“We appeared very much on course to end the year with an unemployment rate of approximately 4.5 per cent and the vast majority of the adult population vaccinated. Australian exceptionalism would once again shine and the world would look upon us with envious eyes and wonder how exactly we pulled it off,” Mr Aird wrote.
Unfortunately, that idyllic scenario didn’t materialise. A new outbreak of the virus sent many of the states into lockdown and forced many economists to send their forecasts to the shredder.
“A deep contraction in GDP over Q3 21 is now a fait accompli. It is the inevitable consequence of shutting down large parts of the economy. Employment will fall and unemployment will rise. But outcomes across the country will vary greatly,” Mr Aird wrote in his recent Economics Insight report.
“The Australian economy will become two-speed. The NSW economy will contract heavily over Q3 21 as restrictions to limit the spread of the virus reduce the production of goods and services. In contrast, the rest of Australia is likely to expand modestly, subject of course to any further COVID-related distributions.”
Mr Aird said despite the setback, the economic outlook in the medium term looks very good “provided the successful rollout of the vaccine means that COVID-19 restrictions are no longer imposed on the domestic economy.”
He added: “the RBA will continue to run exceptionally loose monetary policy while the 2021 Budget indicates fiscal settings will remain expansionary. In addition, the international border will reopen which will boost demand in the economy. Finally and importantly, next year households and businesses will be operating in an environment of less COVID-related uncertainty which will propel ‘animal spirits’ higher.”
Over the last 18 months, government and businesses have sought to deliver extensive support measures to assist those Australians who have been significantly impacted by the health pandemic.
Since the start of the pandemic, Commonwealth Bank has introduced a raft of customer support measures including home and business loan deferrals, fee waivers, SME recovery loans and tailored support and assistance packages for customers experiencing ongoing hardship.
In addition, the bank has grown its financial assistance teams by more than 1,000 people, and introduced new digital features in a bid to help customers better manage their finances during this time.
Commonwealth Bank also created a COVID-19 support page and sent personalised reminders to help keep customers informed about the latest support measures that are available to them. More than 730 million in-app messages have been sent relating to COVID-19 support and information, while the Commonwealth Bank COVID support website has received in excess of 6 million page views.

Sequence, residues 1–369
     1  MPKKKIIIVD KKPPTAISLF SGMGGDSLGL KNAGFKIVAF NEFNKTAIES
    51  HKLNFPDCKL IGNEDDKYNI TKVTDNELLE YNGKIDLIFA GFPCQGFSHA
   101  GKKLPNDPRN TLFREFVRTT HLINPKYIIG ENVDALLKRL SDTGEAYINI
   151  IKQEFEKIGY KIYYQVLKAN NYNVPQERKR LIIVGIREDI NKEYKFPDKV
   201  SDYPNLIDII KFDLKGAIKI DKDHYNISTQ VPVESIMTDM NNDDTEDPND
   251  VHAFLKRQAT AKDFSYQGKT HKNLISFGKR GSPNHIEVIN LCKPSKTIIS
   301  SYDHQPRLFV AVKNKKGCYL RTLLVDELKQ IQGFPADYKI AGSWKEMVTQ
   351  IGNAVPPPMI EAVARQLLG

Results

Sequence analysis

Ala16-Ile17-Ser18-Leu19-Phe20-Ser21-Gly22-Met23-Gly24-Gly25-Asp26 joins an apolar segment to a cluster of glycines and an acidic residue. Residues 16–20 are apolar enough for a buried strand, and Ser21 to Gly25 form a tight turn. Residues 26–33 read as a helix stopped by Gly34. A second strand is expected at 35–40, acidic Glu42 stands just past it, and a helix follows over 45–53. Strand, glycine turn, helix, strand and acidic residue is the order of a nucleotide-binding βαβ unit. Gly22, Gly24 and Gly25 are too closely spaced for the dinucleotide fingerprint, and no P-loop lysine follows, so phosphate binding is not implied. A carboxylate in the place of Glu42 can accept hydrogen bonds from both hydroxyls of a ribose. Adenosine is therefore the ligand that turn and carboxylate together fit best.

More recently and following a further COVID-19 outbreak in June this year, the bank introduced additional support measures to help impacted business and home loan customers.
Eligible small business customers with a better business loan of up to $3 million were offered a repayment holiday of up to three months, to provide cash flow relief if their business had been significantly impacted.
Meanwhile, home loan customers significantly impacted by the latest COVID-19 related lockdown restrictions were given access to a two-month deferral on their mortgage repayments.
Further, the bank extended its current moratorium on any foreclosures until February 2022. This extension will allow owner-occupier customers who have made their home loan repayments on time for at least 12 months prior to their deferral, but are again unable to make their full repayments, to remain in their home until the New Year.
When announcing the additional customer support measures earlier this year, Commonwealth Bank’s Chief Executive Officer Matt Comyn said: “This is a critical time for all of us to pull together and support the communities most heavily impacted by the latest COVID-19 outbreak and the resulting lockdowns.
“Our communities have shown how resilient they can be but we know that it is important to assure them that the country’s banks including CBA stand ready to help them with a series of financial support measures including lending and individually tailored assistance.
“As the past year and half has shown, Australia has a strong, stable and very secure financial system. This includes well-capitalised and strong banks like CBA, which together with the support of the federal and state governments, regulators and the broader industry, have helped the country get through the worst pandemic in 100 years. The country’s track record since March last year shows we can weather this latest storm and we as industry can help do that by providing the necessary support where it is needed,” he said.
Looking ahead, and despite the threat posed by the current ‘delta variant’, Mr Comyn said he was confident that the measures being taken will bring the health situation under control and Australians will be able to resume their normal lives again in the not too distant future.